The 2010 Bentley Continental Flying Spur goes rogue under the hood, where it features a twin-turbocharged 6.0-liter W-12 engine that produces 552 horsepower and 479 pound-feet of torque. The unusual engine layout offsets pairs of piston cylinders in a way that generates very well-balanced engine motions and prodigious power, and it's more compact than a traditional V-12. Edmunds confirms the "6.0-liter twin-turbo W12...produces an astounding 552 hp and 479 pound-feet of torque." Car and Driver details a new Speed version, which is "now good for an even 600 hp and 553 lb-ft of torque." ConsumerGuide is impressed by the W-12 engine, observing that "power comes on immediately, even from a stop."
The massive horsepower and torque are distributed to an all-wheel-drive system through a six-speed automatic that's up to the chore of pushing around the 5,400-pound Spur. Edmunds adds that the engine's "power is channeled through a six-speed automatic transmission with manual shift control," while ConsumerGuide notes "some testers found the transmission slow to downshift as needed at highway speed."
However, their testers warn "wheel slip is non-existent thanks to standard AWD."
Road & Track reviewers report that the combination of the six-speed and AWD allows the 2010 Bentley Continental Flying Spur Speed to "charge to 60 mph in just 4.5 seconds." Even in the base Spur, Edmunds records "a 0-60-mph time under 5 seconds...and a top speed of 194 mph," which might lead you to "think there was a supercar underneath" the skin of this luxury sedan.
Fuel economy is disappointing. The Environmental Protection Agency (EPA) estimates the 2010 Bentley Continental should return 10/17 mpg. However, Road & Track says "the Speed model also sees a 3.5-percent improvement in fuel economy," thanks to increased drivetrain efficiencies.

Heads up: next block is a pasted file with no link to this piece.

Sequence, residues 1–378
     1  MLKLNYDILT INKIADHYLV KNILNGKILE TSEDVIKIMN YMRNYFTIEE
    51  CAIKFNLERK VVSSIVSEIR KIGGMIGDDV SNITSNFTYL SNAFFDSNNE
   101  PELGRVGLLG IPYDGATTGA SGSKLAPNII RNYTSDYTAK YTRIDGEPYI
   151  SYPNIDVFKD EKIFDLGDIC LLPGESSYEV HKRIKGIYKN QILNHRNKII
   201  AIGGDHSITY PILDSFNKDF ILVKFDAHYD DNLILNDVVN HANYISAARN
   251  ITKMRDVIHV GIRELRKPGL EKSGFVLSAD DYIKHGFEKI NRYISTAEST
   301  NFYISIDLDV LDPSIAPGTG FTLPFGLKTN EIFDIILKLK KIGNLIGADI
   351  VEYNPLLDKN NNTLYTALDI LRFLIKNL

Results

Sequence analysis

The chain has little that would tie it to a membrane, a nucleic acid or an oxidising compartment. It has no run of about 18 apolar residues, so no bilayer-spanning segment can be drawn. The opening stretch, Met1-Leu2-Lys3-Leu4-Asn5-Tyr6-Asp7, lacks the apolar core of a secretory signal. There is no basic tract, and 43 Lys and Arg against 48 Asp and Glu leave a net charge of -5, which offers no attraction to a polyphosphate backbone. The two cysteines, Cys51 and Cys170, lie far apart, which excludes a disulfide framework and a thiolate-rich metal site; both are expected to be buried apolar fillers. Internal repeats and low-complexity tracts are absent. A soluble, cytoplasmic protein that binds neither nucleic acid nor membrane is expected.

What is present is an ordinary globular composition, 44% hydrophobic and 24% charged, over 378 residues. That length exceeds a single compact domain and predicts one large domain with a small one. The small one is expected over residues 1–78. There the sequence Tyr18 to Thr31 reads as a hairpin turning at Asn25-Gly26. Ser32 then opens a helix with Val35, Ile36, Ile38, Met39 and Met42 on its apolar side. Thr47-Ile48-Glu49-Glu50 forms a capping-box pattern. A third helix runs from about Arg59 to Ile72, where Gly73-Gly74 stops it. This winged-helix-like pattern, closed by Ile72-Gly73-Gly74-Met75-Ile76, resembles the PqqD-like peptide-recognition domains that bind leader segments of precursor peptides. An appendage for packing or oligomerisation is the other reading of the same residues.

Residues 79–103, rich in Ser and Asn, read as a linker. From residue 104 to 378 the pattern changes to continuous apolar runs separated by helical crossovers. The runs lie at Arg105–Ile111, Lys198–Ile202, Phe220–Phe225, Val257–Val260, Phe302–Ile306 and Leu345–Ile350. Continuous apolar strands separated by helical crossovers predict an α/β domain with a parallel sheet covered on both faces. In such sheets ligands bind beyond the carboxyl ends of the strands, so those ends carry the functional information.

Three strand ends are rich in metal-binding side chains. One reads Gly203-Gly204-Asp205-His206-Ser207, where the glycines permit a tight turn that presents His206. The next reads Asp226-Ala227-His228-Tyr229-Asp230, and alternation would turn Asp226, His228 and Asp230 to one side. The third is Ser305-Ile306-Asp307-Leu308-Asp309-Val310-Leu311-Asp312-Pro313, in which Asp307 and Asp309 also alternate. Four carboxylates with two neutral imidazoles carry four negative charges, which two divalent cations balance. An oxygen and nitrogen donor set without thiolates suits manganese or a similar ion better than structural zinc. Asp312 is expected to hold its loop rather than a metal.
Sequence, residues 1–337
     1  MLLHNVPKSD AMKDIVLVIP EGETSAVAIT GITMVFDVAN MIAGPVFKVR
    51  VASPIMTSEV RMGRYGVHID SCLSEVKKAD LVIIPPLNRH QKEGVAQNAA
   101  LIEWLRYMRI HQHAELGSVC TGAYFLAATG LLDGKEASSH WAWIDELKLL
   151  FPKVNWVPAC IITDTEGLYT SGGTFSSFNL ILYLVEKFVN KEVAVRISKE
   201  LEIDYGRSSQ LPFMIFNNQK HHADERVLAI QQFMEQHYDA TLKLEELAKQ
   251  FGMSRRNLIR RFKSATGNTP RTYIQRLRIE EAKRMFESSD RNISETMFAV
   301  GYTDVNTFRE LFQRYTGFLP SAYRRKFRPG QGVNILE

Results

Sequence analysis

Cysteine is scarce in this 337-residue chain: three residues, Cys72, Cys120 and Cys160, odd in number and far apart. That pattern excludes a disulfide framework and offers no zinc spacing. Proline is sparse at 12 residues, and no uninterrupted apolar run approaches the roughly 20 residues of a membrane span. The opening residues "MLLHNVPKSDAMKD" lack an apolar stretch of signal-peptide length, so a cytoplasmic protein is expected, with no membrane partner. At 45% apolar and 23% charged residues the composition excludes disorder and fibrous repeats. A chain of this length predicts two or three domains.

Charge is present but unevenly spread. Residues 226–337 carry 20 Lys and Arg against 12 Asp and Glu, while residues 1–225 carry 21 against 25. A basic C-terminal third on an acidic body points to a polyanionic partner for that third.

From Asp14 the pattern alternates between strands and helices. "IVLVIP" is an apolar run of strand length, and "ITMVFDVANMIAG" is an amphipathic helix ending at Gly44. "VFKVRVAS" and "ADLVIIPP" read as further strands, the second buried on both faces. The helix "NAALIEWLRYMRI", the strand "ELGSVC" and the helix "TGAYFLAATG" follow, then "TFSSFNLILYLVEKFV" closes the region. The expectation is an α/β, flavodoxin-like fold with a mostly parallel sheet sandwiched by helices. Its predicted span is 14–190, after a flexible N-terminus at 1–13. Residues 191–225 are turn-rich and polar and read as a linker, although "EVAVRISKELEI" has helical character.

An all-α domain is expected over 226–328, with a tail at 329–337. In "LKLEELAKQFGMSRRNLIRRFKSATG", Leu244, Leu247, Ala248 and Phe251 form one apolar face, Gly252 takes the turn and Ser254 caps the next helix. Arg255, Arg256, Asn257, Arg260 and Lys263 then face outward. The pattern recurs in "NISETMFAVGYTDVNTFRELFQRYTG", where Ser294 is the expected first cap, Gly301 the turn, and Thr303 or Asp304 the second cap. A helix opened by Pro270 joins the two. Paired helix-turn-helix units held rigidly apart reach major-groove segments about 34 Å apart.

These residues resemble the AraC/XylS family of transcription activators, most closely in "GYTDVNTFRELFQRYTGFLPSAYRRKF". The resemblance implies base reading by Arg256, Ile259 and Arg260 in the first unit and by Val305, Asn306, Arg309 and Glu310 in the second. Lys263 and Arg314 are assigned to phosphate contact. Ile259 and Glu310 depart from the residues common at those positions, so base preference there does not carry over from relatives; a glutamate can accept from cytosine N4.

Though it's capable of super speeds, the 2010 Bentley Continental Flying Spur is focused on a refined, sophisticated driving experience. It's strong, silent, and fast, as it should be. ConsumerGuide says it "imparts more sportiness than might be expected," and Edmunds asserts it has "respectable handling ability." Cruising at 100 mph is effortless, and the Spur quietly glides over road imperfections to convince you it's actually going much slower. The driver-adjustable suspension offers several settings, and in the softest setting, the Bentley offers a "serene ride," Edmunds reports.
The engine emits a low, distant rumble and pairs it with a slight turbo whoosh, though it's all muted properly, and thanks to a complex computer-controlled suspension, the Spur feels tremendously stable even when the road coarsens. The sport of driving is very subtly enjoyed from behind the big leather-wrapped wheel-smoky burnouts are entirely possible, but restraint, please-especially with the Speed edition and its lowered suspension, 20-inch wheels, and available carbon-ceramic brakes. Road & Track comments, "Speed definitely rides more stiffly (even with the suspension set to its softest), and the steering transmits more road imperfections back to the driver,"
The Spur's incredible heft and power require great stopping, and Bentley claims the Spur's huge discs are the most powerful on the road today. In the Speed, Car and Driver takes down a "165-foot 70-to-0-mph stopping distance-a foot shorter than a Lamborghini Murcielago LP640." However, ConsumerGuide says on its stock Spur, "a spongy pedal marred overall brake feel."